What happened before 2010? A twist...
Before 2010 he was a wide receiver - similar to another long armed Seahawk cornerback - and a deep threat at that, something I think contributes to his ability to find, track and make plays on the the ball as a corner consistently in the small sample here. In the video he shows he can separate as a pass catcher, and flashes as a threat returning or running - he has a touchdown as a passer, rusher, receiver and on a pick six in his career, with a kick return to inside the 10, a guy that potentially has true full field speed. Also, you'll see him as a gunner on punt coverage, sometimes running down the field untouched because he can out-quick his man from the start; also flashing downing the ball inside the 10. One thing that remains unknown is his tackling ability/consistency and physicality as a defender. He played safety his senior year in high school and "I like to hit." He also "love(s) the ball." I like that he has prior experience/feel as a receiver to help him transition to learning corner, but it's unclear the how consistent his instincts are.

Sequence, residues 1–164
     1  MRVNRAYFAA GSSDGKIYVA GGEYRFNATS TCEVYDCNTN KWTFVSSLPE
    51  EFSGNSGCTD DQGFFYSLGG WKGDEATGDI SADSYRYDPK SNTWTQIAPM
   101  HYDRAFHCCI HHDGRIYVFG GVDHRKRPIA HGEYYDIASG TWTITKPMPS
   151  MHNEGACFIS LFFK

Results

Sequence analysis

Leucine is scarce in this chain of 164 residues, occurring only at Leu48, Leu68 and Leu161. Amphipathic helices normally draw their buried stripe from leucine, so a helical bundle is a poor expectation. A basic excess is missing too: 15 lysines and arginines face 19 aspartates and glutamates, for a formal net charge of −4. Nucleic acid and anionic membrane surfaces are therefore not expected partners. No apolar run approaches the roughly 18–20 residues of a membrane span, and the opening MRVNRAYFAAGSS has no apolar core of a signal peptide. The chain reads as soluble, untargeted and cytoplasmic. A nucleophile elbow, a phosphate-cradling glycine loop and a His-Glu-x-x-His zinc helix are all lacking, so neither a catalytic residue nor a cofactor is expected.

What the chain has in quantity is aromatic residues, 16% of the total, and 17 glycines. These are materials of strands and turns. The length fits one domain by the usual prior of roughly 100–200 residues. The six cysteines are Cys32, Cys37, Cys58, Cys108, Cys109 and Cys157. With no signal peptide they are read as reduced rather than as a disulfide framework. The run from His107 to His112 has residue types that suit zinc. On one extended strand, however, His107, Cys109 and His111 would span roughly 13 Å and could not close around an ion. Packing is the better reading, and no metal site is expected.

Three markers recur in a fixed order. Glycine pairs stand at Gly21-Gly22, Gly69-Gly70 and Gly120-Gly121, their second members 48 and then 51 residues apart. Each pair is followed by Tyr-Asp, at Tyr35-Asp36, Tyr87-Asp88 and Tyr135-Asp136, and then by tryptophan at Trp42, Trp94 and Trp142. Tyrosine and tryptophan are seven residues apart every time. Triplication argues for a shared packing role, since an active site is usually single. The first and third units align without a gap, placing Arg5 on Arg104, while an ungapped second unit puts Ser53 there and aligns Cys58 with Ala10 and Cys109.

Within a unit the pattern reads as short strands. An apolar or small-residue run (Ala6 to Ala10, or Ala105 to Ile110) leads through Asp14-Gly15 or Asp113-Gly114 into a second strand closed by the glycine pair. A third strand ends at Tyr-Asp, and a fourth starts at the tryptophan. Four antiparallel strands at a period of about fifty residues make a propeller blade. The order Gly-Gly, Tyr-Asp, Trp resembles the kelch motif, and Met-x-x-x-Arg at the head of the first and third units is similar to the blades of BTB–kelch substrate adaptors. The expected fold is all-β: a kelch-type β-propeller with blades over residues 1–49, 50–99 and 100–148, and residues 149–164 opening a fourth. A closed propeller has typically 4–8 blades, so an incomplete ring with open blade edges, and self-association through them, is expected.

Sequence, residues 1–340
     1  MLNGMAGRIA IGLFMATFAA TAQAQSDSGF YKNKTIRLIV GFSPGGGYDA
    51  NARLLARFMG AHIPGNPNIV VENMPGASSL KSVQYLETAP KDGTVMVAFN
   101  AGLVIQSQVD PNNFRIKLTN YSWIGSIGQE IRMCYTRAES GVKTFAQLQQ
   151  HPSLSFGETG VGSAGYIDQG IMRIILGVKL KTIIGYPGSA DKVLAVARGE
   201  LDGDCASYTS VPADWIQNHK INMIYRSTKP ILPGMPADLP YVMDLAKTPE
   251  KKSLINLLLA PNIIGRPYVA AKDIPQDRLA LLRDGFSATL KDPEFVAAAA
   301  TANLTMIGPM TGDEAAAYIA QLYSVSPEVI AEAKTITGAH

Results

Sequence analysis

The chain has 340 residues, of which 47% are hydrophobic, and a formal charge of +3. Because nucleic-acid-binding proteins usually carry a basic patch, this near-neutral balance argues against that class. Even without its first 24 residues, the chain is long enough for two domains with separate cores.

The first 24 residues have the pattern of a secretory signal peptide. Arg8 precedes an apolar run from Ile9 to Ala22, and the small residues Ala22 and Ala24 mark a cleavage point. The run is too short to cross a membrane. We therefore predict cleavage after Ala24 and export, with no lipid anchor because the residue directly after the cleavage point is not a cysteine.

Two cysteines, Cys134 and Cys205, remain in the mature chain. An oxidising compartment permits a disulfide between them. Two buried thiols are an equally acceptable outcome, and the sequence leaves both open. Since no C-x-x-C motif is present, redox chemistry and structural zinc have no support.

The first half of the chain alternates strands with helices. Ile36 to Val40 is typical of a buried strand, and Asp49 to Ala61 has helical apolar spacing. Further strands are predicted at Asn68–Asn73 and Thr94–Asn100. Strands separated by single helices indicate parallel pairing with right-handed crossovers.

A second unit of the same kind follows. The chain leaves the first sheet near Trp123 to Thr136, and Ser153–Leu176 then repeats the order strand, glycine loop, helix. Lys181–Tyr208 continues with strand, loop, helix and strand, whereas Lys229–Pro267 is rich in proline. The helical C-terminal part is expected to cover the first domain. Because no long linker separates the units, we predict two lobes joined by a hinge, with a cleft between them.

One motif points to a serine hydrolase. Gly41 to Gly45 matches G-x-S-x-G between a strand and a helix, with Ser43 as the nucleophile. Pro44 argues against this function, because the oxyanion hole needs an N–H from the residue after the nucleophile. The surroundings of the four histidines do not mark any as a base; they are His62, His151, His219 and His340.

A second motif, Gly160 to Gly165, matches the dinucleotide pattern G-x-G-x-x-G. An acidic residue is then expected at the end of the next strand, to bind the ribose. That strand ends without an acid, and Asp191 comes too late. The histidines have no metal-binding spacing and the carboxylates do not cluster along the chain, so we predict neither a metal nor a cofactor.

Given the lack of information on him it's tougher to tell his competitiveness/intangibles/off the field profile, but the fact that he was willing to switch positions and then had relative success on the other side of the ball is promising. Here he claims to love playing special teams, which would certainly help his cause, and admits to working hard to up his bench press reps to 13. Lastly he says, "I have felt like I could play at the next level my whole life. I knew that if I set my mind to do something then I am going to get there, no matter what." My guess is the front office would take a liking to his positive, self-affirming attitude as small school guy, unique and "well built" corner.
He was a "big winner" at a post-season all-star game, a "sure-fire" pick in the draft. Ron Parker and Jesse Hoffman were two speedy, smaller school DB prospects brought in during undrafted free agency last season. They still have Byron Maxwell to develop, Doug Baldwin said Coye Francies is someone to watch. Brooks may sneak under the radar due to his lack of height, but makes up for it with length, athleticism and a seemingly, uncommonly rounded resume as a playmaker. I'd be very intrigued to see him compete in camp, especially if he proves capable of playing inside - maybe that's on the tape, good or bad - not to mention the fact that he could be a raw, Jameson Konz type that gets a chance on both sides of the ball. We also know Pete Carroll has an affinity towards fast, tall, long and/or unique secondary players; my impression is Brooks has room to grow and could fit the criteria, despite his height. The question is where do teams have him rated after watching tape; a late round pick, or as a player that was maybe draftable but ultimately becomes a post-draft target?
(Note: The Burris senior year tape goes haywire around the 9:45 mark.)